A Tunisian delegation composed of senior officials has ended a visit to the United Kingdom with the hope that the travel warning issued after 30 British tourists were killed at the terror attack in Sousse will be lifted.
The officials said warnings against non-essential travels to Tunisia would ruin the economy and could push people to join extremist groups due to lack of employment.
After a meeting with the delegation, Foreign Office Minister Tobias Ellwood said the additional security measures introduced by Tunisia will be evaluated but didn’t give promises that the warning will be lifted.
Keith Vaz, chairman of the Commons Home Affairs Committee, also met with the delegation and stated that he will enquire with Home Secretary, Theresa May, on the process by which the travel warning was issued and consider how a failing economy would create a recruiting pool for Islamist extremists.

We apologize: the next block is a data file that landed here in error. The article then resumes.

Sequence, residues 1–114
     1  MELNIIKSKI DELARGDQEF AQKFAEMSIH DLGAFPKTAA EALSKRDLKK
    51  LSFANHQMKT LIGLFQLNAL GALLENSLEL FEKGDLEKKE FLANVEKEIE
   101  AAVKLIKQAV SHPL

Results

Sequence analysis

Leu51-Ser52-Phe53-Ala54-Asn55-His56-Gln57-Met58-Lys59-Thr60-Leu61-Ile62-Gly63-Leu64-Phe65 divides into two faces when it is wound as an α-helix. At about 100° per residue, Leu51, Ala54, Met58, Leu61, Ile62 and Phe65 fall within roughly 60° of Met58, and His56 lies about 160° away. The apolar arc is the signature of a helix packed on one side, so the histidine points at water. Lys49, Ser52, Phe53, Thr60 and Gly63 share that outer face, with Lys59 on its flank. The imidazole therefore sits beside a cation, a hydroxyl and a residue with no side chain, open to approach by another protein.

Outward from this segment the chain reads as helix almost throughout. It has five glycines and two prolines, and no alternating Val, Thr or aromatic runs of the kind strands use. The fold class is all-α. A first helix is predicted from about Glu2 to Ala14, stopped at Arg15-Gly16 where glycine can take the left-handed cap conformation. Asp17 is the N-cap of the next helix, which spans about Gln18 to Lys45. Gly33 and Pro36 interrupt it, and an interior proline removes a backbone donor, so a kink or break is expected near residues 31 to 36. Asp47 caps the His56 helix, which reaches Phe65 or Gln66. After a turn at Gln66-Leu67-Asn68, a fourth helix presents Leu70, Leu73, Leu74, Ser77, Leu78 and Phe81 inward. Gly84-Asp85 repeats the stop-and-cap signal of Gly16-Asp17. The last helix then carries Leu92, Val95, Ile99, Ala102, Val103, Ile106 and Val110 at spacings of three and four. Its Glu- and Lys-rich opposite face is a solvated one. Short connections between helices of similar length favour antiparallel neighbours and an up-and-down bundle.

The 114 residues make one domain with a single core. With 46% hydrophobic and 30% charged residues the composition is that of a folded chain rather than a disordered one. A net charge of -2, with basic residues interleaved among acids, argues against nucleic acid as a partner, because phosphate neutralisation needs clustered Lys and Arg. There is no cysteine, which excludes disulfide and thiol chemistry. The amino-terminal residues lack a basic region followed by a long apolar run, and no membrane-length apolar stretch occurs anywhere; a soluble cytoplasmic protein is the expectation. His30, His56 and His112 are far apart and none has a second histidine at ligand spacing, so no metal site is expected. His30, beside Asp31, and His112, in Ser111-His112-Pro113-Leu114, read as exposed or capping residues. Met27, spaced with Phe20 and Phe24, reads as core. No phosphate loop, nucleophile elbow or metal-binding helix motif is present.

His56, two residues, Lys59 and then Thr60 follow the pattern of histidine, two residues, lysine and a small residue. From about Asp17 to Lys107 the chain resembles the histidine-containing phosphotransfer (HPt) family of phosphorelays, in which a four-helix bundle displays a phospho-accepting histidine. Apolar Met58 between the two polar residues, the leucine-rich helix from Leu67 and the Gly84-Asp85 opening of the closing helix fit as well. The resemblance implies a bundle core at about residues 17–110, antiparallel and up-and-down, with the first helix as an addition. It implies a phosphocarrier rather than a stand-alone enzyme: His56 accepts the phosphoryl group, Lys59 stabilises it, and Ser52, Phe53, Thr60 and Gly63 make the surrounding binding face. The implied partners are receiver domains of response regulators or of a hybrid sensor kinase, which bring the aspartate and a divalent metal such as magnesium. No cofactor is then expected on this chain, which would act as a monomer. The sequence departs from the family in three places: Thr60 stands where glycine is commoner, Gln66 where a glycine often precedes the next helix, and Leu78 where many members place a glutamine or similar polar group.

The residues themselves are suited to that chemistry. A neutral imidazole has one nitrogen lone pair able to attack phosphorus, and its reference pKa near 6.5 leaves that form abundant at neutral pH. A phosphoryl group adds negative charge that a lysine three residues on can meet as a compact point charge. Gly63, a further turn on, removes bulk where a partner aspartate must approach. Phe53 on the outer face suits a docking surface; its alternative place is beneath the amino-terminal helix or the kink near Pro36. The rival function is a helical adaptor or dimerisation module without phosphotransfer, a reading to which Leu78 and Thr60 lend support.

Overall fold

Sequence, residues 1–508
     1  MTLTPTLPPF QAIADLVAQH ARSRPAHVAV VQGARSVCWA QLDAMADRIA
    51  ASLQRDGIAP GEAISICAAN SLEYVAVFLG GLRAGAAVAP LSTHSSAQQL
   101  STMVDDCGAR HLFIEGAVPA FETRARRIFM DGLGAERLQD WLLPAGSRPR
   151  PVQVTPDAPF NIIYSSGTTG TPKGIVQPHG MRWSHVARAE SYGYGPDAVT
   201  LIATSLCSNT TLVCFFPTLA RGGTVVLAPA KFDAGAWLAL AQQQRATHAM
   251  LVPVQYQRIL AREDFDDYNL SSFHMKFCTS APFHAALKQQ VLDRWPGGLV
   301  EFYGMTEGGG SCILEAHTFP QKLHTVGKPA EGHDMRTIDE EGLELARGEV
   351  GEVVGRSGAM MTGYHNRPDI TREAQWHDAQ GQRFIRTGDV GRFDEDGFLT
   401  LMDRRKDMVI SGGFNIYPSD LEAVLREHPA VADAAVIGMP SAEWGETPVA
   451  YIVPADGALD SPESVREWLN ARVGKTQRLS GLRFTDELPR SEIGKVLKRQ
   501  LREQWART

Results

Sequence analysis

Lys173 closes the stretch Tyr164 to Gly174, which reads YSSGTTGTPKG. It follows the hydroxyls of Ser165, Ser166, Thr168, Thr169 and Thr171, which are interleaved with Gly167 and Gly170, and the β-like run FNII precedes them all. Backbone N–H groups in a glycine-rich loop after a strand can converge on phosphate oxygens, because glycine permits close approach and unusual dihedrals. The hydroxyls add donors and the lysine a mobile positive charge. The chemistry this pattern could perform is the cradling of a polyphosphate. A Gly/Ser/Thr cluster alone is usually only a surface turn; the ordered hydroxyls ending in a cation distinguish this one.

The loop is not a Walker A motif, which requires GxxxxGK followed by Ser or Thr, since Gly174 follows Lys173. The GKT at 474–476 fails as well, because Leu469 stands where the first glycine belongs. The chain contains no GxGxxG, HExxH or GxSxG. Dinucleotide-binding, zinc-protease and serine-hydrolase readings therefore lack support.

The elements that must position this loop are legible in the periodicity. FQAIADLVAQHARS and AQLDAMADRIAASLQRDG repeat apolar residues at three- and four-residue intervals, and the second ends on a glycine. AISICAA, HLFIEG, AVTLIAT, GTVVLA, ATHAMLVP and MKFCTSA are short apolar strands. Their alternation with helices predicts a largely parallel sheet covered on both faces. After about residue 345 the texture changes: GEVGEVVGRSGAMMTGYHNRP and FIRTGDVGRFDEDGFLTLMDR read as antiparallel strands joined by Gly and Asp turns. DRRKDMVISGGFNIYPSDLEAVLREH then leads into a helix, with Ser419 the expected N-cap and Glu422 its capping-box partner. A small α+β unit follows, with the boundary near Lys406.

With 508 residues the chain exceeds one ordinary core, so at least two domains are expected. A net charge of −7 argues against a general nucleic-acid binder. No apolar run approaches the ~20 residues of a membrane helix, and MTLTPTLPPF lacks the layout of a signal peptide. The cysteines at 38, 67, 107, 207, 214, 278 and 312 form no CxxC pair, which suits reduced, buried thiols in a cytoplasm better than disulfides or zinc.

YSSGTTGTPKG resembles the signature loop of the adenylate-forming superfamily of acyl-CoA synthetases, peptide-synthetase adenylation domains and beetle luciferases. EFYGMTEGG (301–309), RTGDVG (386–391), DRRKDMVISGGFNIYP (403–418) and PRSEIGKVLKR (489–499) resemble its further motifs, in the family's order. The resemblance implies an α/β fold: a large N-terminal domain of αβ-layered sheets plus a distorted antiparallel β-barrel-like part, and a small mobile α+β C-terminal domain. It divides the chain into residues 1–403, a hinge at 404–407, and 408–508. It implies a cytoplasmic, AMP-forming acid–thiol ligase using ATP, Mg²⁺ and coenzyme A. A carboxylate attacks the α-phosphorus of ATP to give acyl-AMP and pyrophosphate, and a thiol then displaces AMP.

Speaker of the Tunisian parliament, Mohamed Ennaceur, said that the terrorists “want to kill off our democracy and destabilize the country” and that “what is dangerous for Tunisia now will also become dangerous for other countries including Britain.”
He invited Britain to visit Tunisia and see on the spot the new security measures in place while Transport Minister Mahmoud Ben Romdhane said the Tunisian economy in general will be affected by the warning and growth rate could reach zero or recession because the sectors are interlinked. Tunisia was expecting between 2 and 3% growth rate before the attack.
Romdhane said although they don’t know “when the travel advice will be reviewed,” they are heading back to Tunis content that they have been able to pay condolences to bereaved families of some of the 30 British victims and “to the ordinary British people who have been so kind and supportive towards us.”